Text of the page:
The departure of one of Uber’s earliest investors from its board late on Wednesday added fresh turmoil to the San Francisco-based transportation company that also lost its controversial chief executive this week.
The exit of Bill Gurley, a partner at venture capital firm Benchmark, removes the board's most seasoned tech investor at a time when it is tasked with overhauling the company's culture and rebuilding Uber's executive ranks. Mr Gurley will be replaced by Matt Cohler, a fellow Benchmark partner.
Mr Gurley was instrumental in pushing for Travis Kalanick, Uber's chief executive, to step down following a series of crises at the company. Benchmark was one of five investors who delivered a surprise letter to Mr Kalanick on Tuesday asking for his resignation.
The resignation of Mr Kalanick later that day left Uber without a chief executive, chief operating officer, chief financial officer or head of engineering.
Uber's board is in flux during a critical time for the $62.5 billion (€56 billion) company. David Bonderman of TPG resigned from the board last week after making a sexist quip during a company presentation, and was replaced by his TPG colleague David Trujillo. A new board member, Wan Ling Martello of Nestlé, was appointed last week.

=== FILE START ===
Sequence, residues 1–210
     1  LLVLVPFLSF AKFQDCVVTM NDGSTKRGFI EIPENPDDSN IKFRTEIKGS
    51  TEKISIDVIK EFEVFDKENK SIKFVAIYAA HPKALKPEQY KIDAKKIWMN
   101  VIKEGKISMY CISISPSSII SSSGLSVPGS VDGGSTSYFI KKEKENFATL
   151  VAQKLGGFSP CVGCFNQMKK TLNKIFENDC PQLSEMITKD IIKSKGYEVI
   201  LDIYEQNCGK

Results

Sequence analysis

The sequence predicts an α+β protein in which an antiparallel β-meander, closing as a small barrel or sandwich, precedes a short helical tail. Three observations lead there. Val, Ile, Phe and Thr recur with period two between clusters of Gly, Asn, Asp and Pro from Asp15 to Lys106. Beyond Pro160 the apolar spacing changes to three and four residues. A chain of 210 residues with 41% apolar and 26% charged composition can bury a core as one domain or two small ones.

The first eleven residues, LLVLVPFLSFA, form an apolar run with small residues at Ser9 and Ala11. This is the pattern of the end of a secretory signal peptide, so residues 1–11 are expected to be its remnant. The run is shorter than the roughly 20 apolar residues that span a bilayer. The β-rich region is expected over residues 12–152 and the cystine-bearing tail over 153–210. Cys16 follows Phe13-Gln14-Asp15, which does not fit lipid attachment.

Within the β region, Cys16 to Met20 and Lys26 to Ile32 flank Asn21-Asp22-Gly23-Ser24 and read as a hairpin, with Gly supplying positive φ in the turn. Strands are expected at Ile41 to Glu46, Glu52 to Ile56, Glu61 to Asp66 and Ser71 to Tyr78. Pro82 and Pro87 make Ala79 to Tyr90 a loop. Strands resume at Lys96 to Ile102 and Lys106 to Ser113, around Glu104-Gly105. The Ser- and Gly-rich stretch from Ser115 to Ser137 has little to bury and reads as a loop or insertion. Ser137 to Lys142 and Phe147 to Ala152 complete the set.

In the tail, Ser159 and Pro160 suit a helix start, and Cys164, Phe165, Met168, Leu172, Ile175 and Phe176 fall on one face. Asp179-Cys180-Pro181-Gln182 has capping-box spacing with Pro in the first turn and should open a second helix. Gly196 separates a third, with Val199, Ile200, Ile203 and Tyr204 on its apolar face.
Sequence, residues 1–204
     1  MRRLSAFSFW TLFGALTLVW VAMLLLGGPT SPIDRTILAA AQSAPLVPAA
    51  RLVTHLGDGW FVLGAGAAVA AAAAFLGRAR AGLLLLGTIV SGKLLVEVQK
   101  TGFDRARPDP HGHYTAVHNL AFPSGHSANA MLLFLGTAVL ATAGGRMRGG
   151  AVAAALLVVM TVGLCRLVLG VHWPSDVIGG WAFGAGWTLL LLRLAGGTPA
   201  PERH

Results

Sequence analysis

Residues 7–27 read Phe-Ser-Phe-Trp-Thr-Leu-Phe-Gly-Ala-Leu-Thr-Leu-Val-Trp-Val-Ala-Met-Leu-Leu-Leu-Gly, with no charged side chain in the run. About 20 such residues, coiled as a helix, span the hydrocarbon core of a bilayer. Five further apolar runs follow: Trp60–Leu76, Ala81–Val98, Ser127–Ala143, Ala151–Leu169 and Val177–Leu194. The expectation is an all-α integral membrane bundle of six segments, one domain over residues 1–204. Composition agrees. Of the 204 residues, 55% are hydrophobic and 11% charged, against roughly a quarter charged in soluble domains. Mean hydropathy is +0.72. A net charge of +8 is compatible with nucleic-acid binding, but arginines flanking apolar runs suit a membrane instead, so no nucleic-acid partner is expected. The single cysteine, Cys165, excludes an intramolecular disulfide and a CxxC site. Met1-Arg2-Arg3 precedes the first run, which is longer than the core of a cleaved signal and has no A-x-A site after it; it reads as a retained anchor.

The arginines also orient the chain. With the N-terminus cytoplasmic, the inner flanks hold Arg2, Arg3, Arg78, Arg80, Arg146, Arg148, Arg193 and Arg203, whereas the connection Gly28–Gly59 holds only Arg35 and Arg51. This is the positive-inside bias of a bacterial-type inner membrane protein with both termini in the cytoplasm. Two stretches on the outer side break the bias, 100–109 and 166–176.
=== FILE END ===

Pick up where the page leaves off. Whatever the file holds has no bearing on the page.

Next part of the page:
With the arrival of Mr Cohler, three of the eight voting board members are effectively new. Uber's other outside board members are Arianna Huffington, founder of the Huffington Post, and Yasir Al Rumayyan of Saudi Arabia's Public Investment Fund.
Three early Uber insiders also sit on the board and together control most shareholder votes through their super-voting shares - Mr Kalanick, co-founder Garrett Camp, and senior vice-president Ryan Graves.
Mr Camp, who does not have an operational role at Uber, took to Twitter late on Wednesday to reassure the public that Uber was still going strong. “It’s much more stable than people think. We are still here; still running the company.”
However, the upheaval on the Uber board could make the task of rebuilding the company more difficult in the months ahead.
Mr Gurley, who is something of a legend in tech investing circles, became one of Uber’s earliest and most prominent investors when his firm Benchmark led an $11 million fundraising round in Uber in 2011.
He was closely involved with the company, particularly during the past several months as the crises started to shake Uber’s reputation as the most successful private company in Silicon Valley.
Recently Mr Gurley and Mr Bonderman started to feel that Mr Kalanick needed to step down and make room for a new chief executive, according to a source close to the board.
However, when Mr Kalanick did step down, the news was met with shock and anger from investors and employees.
“The board of Uber better know what they’re doing, because the success of the company from this point on is completely their responsibility,” said one frustrated investor, just a few hours before Mr Gurley resigned.
– (Copyright The Financial Times Limited 2017)